Why glass art is suddenly experiencing a renaissance

glass art renaissance

Heart of Glass

For a long time art was something you hung on your walls, not put on your shelves. Glass art, in particular, was sidelined as a craft. But opinions and markets are shifting. Look to certain names – Toots Zynsky and Stanislav Libensky, for example – and prices at auction that are well above £10,000 (S$18,000) might be expected.

“I’ve just had several big collectors in and they’re snapping pieces up," says Angel Monzon, director of Vessel, a London gallery specialising in glass art. “And what they’re buying is interesting, not the more obvious pieces at all – maybe those that mix glass with other materials to create new typologies. Elton John bought a very nice piece."

In part this boom has come about for practical reasons: more affordable, compact and economical furnaces have come onto the market. The giants of decorative glassmaking – from Kosta Boda and Orrefors in Sweden, to Lalique and Baccarat in France – have arguably also made a push away from the classical towards the more contemporary.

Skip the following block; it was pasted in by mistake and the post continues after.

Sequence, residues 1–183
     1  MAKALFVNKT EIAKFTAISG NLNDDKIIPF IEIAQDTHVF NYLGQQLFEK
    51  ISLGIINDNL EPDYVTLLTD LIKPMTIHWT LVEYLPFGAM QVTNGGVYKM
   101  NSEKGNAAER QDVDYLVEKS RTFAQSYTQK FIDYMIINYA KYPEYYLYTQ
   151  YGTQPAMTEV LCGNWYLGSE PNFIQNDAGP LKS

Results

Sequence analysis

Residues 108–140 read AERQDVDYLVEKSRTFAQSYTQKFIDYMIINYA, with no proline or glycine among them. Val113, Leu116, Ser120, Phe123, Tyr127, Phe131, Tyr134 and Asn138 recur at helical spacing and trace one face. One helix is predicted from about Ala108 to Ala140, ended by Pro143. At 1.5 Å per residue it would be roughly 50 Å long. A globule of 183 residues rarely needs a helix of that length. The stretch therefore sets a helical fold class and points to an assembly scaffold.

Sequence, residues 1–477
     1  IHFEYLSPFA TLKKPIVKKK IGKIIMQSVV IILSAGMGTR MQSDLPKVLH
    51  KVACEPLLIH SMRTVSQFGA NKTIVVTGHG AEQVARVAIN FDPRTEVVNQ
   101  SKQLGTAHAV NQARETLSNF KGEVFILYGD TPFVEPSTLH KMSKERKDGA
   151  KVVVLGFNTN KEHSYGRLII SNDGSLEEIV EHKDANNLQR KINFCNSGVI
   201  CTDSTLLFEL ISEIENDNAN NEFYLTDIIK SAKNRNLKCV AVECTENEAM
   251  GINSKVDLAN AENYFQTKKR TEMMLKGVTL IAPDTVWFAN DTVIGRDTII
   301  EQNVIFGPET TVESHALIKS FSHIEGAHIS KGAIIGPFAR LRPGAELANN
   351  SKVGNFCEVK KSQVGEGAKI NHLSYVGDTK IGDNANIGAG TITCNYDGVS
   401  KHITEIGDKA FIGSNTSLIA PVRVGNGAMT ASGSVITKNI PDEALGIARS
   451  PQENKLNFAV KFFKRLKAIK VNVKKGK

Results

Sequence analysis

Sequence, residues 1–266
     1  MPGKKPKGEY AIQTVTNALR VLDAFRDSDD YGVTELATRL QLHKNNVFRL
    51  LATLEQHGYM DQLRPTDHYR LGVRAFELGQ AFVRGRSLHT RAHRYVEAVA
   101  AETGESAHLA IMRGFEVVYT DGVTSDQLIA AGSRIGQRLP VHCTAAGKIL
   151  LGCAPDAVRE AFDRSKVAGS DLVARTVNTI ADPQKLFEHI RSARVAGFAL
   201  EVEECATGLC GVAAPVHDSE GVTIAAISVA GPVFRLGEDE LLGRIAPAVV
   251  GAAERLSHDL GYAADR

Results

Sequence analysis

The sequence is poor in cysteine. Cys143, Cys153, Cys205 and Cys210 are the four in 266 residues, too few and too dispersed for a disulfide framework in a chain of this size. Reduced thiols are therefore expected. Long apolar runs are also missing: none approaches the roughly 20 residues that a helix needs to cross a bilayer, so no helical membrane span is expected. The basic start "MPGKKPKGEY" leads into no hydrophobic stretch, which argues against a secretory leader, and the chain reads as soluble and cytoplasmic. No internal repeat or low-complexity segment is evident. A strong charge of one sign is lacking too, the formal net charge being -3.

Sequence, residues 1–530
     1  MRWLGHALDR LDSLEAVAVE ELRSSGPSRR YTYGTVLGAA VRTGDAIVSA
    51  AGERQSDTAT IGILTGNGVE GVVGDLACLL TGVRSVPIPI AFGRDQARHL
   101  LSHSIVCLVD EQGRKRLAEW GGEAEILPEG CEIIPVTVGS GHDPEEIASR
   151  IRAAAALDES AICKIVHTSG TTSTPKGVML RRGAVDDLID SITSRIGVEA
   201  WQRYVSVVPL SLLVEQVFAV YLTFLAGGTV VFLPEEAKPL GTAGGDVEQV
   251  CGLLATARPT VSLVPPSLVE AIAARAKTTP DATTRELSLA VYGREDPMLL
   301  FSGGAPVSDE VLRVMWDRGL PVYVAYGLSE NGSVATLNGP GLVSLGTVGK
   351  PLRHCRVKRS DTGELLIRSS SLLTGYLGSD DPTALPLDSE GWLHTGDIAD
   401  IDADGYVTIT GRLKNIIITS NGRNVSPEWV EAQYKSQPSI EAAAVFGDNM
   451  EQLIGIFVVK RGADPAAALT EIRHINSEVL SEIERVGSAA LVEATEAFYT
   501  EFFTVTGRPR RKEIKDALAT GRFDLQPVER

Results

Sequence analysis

But this renaissance in glassware has also come about because independent glass artists are pushing to make more interesting and diverse work, sometimes a product of a cross-disciplinary background.

“More artists are choosing glass as a medium, experimenting with it," says Monzon. “Collectors who once only ever looked at ceramics are moving over to glass too – glass seems to be very much of the moment. We’ve moved out of an era in which glass was dominated by big brands and into one in which individual artists are finding their own way."

Geoffrey Mann’s work suggests recognisable items in the process of melting, collapsing or transmuting, with his best-known pieces charting in glass the flight of moths recorded using high-speed digital cameras at 2,000 frames per second.

Paul Stopler’s current work may be focused on geometric, one-off cast glass vessels, but he has also worked more biomorphic shapes akin to exotic deep sea creatures.

“There’s an exploration of how far you can push the material," says Stopler, who has pioneered lathe-turned waxing and revived the ancient use of a jig system with abrasives in order to create very precise, complex forms otherwise difficult to achieve. “Of course, glass still covers both bases – it’s often artistic and functional. There are sometimes elements of the domestic, that familiarity, but it’s also sculptural. I don’t think it has to be one or the other anymore."

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